## DoubleDabble Algorithm

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mnf
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### DoubleDabble Algorithm

What a quiet day on the forums - I like to imagine everyone else is at a party.

I came across this algorithm by chance - it allows arbitrary bit length integers to be converted to a string (or BCD - binary coded decimal) - and as I had an hour to while away.

So Some Fun for Fans of Flowcode. Lovers of alliteration will have to look elsewhere.
double.fcfx
You can find details of the algorithm at https://en.wikipedia.org/wiki/Double_dabble - I've implemented it twice here - once that takes an array of bytes as a (possibly very) large integer (if you're working with public keys?) - and once where it takes a long (32bit) unsigned integer.

I was impressed that it converts an binary value to a decimal string without a single division (except one - that calculates an approximate number of characters in the resultant string) 'Main' here just runs lots of conversions for timing. ToString\$ is quicker for small integers but slower as the numbers get bigger (on AVR at least) - but if you want to work with larger integers (and who doesn't?) - then this would be good. Other MCUs mileage may vary depending on the efficiency of the divide instruction.

So - first a challenge - anyone like to create a string to binary conversion (that works for any length string?)
I've also left leading zeroes on the resultant string - an easy fix?

Second a gotcha (at least with the AVR compiler)
gotch.png
Here the first icon works - as expected but the second (which was the first I tried) doesn't

Code: Select all

``1 << (31 - .j)``
Only shifts a byte value left - not a 32 bit value (as I expected). I worked around it by tweaking the size of .j (which was unnecessary) and then by using a mask variable (32 bit - as in first icon). This doesn't seem to affect most C compilers - maybe someone could test with some different toolchains? A possible work around would be to allow '1L' or '1ul' which in C would define a long or unsigned long integer constant (but this doesn't currently work in FC)..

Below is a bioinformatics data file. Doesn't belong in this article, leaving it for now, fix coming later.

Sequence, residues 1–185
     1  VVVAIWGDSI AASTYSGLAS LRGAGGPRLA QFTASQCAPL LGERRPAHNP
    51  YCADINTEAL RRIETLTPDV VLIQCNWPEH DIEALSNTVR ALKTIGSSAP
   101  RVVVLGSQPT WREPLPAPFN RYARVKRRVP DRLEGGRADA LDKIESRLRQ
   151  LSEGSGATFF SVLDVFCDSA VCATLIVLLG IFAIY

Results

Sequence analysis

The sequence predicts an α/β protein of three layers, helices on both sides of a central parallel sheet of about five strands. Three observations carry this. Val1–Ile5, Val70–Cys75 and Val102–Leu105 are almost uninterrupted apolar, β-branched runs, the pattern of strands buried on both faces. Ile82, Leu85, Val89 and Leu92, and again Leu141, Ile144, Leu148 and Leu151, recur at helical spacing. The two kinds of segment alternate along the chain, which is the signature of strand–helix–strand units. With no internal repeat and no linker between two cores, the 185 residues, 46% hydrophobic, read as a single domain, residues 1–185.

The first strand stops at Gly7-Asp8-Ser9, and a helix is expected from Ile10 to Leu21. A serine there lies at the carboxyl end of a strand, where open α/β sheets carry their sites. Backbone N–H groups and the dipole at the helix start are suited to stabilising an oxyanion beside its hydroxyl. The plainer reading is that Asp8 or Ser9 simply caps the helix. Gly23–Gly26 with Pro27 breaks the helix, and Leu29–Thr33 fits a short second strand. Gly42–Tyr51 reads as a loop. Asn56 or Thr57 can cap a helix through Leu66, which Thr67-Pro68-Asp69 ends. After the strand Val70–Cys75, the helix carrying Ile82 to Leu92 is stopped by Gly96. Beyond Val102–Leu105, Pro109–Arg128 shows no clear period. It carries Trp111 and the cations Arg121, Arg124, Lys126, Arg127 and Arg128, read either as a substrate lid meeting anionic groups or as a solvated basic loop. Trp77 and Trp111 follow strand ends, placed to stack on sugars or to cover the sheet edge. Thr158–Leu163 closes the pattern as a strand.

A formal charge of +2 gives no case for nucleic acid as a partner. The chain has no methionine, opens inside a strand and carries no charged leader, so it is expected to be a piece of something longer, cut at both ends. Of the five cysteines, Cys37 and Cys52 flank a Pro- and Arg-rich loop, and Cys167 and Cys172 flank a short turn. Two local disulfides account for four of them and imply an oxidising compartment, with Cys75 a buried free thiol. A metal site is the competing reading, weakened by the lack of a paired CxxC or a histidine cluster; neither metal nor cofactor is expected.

Enjoy!

Martin

Benj
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### Re: DoubleDabble Algorithm

Thanks Martin,

Great post.
Here the first icon works - as expected but the second (which was the first I tried) doesn't
In C a shift of up to 16-bits is defined, over 16-bits it's up to the compiler creator on how this is implemented. Some compilers may be fine where as other simply won't work.

So if you just do this.

1 << (31 - .j)

Then the 1 will be cast as a 16-bit value. After 15 shifts the set bit will simply be lost.

To force the compilers hand you either have to cast the calculation to be 32-bit using C or you can use a temporary 32-bit variable to force the compilers hand.

Seems you are aware of the C casts, and you're right there currently isn't a nice clean way to do this.
A possible work around would be to allow '1L' or '1ul' which in C would define a long or unsigned long integer constant (but this doesn't currently work in FC)..

mnf
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### Re: DoubleDabble Algorithm

Thanks Ben,

I've seen that the algorithm reverses without problem so the string to binary is fairly straightforward too..

Martin

Oops - yes I meant WORD rather than BYTE...

mnf
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### Re: DoubleDabble Algorithm

So I did the reverse algorithm..

I tweaked my original to allow even bigger numbers (cos if big is good then bigger must be better).

Here it converts a 78 digit number (Fermat's 8th) into a 512 bit binary number and back to a string....

Now we just need some math functions (+,-,* and if you're feeling brave / and % ) I'll volunteer a x2 and /2 function (left and right shift by 1 bit)....
double.fcfx